French Students Continue Protests Over Retirement Reform

French students blockaded more high schools and universities Thursday, as the third straight day of nationwide strikes over the government's retirement reforms snarled train travel and sent a renewed challenge to President Nicolas Sarkozy.

France's BFM TV showed groups of students toppling trash cans in southeast France, erecting barricades in the middle of a Paris avenue, and being closely watched by police in several areas.

While the protesting students won't reach retirement age for decades, the government is keeping a close eye on their rallies because student protests have brought down major government reforms in the past.
Several labor unions also announced another round of nationwide demonstrations on Tuesday - in addition to the planned street protests throughout the country expected Saturday.

The students and labor unions see Sarkozy's pension reform - raising the retirement age from 60 to 62 - as an attack on their well-deserved social protections.

Thursday's protests were mostly peaceful, but a 16-year-old was hospitalized in the Paris suburb of Montreuil after he was hit by a rubber projectile from a flash-ball gun fired by police, the UNL high schoolers' union said. A police official said officers responded after students blockading a high school there pelted them with projectiles.

Police in the Val-de-Marne region southeast of Paris detained about 15 students for hurling projectiles at police and vandalizing property, the regional government office said. Another 22 youths were detained in the central city of Lyon following clashes with police.

A police officers' union lashed out those who have called on high schoolers to join the protests.
"Alliance Police National denounces certain position, some more clearly stated than others, advocating high school and college students to participate in the demonstrations," the union said.

In Toulouse, police estimated that 7,000 people joined a protest march against the pension reforms, though unions insisted that nearly three times as many took part.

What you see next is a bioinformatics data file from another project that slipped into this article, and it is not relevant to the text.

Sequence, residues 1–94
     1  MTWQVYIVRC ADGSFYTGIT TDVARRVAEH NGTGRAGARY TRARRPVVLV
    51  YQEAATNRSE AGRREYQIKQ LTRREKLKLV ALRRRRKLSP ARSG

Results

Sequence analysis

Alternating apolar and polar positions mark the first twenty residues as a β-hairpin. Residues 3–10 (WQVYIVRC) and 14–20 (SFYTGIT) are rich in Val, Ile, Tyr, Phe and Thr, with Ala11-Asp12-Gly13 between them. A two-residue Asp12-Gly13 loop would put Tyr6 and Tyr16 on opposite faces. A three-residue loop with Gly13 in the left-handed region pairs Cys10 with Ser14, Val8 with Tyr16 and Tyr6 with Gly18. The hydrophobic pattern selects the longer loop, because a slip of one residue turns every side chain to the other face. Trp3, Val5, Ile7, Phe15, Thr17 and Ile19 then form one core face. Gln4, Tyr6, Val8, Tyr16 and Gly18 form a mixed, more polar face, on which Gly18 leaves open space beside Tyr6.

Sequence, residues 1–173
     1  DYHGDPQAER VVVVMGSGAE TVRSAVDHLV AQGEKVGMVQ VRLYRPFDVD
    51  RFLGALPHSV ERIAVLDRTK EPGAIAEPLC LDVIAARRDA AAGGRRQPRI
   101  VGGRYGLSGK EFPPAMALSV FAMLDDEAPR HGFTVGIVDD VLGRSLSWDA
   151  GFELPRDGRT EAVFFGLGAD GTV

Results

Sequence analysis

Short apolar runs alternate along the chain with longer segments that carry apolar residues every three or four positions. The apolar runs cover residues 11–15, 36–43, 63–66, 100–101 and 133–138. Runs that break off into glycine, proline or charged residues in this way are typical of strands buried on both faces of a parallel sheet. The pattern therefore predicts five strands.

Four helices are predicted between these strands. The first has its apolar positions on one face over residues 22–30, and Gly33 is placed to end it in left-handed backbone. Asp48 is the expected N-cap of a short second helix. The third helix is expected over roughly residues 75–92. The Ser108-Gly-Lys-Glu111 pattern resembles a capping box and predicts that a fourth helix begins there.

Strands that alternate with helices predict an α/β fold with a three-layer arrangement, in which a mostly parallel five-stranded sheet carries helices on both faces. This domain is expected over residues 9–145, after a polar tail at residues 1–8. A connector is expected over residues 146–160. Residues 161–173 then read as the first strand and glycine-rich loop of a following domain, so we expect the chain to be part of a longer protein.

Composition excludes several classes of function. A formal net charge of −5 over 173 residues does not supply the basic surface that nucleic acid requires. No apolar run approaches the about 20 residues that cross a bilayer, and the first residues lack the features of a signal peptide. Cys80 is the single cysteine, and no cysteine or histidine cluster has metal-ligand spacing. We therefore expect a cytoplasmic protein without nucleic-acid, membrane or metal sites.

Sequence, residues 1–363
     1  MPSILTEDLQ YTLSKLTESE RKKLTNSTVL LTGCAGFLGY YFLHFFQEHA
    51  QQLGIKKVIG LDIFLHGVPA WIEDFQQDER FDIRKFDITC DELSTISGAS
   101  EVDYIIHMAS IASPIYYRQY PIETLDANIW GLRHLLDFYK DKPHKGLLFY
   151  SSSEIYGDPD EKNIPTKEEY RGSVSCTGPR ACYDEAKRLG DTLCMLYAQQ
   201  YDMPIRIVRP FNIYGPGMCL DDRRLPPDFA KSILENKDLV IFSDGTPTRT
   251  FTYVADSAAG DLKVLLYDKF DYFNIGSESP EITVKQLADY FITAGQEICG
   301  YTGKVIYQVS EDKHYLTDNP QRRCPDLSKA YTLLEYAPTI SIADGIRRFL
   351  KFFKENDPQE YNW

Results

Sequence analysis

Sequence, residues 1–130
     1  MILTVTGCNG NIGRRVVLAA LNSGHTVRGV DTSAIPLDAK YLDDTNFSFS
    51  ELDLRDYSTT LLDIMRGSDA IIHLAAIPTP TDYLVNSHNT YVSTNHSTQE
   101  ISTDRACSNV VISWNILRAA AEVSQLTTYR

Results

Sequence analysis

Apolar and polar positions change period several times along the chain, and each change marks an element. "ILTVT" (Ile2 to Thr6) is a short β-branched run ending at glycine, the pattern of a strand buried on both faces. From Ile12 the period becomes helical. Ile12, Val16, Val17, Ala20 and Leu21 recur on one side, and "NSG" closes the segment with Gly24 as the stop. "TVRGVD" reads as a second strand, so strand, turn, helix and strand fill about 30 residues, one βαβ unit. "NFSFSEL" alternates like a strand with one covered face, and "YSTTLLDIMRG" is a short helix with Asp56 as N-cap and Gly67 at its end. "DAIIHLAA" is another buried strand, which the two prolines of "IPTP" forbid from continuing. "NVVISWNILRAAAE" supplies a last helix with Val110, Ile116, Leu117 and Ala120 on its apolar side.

Meanwhile, workers at oil giant Total's six refineries in France kept protesting, and union leaders said "not one drop of oil" has been produced at the plants since Tuesday morning. The refinery blockages have raised worries of possible fuel shortages.

In all, 10 of France's 12 refineries are on strike. "A fuel shortage can be expected in the coming days," the CGT union at Total said.

The National Federation of Road Transporters warned that its members had begun to report difficulties in finding fuel. The French truckers federation said it had asked French Industry Minister Christian Estrosi to open the country's fuel reserves to its members.

The head of a French service station owners' union said members were having to import more fuel from Italy, Spain, Germany and Britain to make up for shortages.

While Paris transit workers were mostly back on the job after strikes earlier this week, workers of the SNCF rail authority continued their walkout for a third day, disrupting high-speed TGV and local train traffic. About 20 percent of train employees were on strike Thursday, the SNCF said. Workers voted to extend the strike through Friday.

Sarkozy has stood firmly by the reform despite this week's protests, and his governing conservatives say it is the only way to save the failing pension system in a country with a huge budget deficit and sluggish economic growth. Even with the reform, however, France's retirement age would still remain one of the lowest in the developed world.

Speaking on a visit to a research lab in southwest France, Sarkozy accused his opponents of "resistance to change ... We cannot close our eyes to our deficits - our duty is to act."

France's Senate pushed back a planned vote on the retirement reform bill until next Wednesday to debate some 820 amendments floated by the Socialist-led opposition. It had been scheduled to vote Friday.

This program aired on October 14, 2010. The audio for this program is not available.


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